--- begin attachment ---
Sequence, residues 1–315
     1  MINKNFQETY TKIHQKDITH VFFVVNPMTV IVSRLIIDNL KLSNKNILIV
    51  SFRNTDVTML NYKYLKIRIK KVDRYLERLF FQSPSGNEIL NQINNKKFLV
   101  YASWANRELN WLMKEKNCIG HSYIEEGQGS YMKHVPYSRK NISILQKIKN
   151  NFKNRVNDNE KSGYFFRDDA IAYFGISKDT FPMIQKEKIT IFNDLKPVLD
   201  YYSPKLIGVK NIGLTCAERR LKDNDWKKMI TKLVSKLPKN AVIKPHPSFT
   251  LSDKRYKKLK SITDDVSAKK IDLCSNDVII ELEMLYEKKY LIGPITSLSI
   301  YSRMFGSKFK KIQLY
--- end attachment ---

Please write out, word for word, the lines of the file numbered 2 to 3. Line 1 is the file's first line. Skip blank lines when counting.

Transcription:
     1  MINKNFQETY TKIHQKDITH VFFVVNPMTV IVSRLIIDNL KLSNKNILIV
    51  SFRNTDVTML NYKYLKIRIK KVDRYLERLF FQSPSGNEIL NQINNKKFLV